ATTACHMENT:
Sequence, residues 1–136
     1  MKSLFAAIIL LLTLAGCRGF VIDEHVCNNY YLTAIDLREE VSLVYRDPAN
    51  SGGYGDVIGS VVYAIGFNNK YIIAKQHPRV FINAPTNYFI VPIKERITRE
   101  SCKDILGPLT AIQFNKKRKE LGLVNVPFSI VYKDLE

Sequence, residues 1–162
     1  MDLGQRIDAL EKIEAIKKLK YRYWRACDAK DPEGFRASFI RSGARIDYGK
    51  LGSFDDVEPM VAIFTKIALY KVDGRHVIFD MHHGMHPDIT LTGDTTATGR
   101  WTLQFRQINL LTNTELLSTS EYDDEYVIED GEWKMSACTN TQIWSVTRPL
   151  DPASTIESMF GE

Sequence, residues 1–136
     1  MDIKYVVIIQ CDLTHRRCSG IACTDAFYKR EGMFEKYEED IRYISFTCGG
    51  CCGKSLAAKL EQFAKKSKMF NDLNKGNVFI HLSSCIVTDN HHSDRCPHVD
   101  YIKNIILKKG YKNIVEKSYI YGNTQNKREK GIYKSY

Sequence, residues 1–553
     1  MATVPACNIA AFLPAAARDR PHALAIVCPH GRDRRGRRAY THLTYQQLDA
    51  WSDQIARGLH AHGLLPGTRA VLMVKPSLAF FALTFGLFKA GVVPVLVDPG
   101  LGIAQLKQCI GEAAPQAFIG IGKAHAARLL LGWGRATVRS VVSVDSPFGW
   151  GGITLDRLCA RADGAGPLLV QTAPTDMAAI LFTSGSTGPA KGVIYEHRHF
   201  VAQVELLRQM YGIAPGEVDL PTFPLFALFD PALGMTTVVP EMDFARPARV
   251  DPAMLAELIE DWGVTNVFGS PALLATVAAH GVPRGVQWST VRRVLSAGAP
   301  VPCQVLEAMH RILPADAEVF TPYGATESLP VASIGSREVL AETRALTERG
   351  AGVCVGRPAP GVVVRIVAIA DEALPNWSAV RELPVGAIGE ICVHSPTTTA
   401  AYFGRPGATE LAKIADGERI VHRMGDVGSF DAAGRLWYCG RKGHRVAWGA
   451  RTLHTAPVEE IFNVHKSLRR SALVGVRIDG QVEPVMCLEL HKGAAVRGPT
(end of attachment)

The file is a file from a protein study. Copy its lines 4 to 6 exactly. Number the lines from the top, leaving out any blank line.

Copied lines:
   101  SCKDILGPLT AIQFNKKRKE LGLVNVPFSI VYKDLE

Sequence, residues 1–162
     1  MDLGQRIDAL EKIEAIKKLK YRYWRACDAK DPEGFRASFI RSGARIDYGK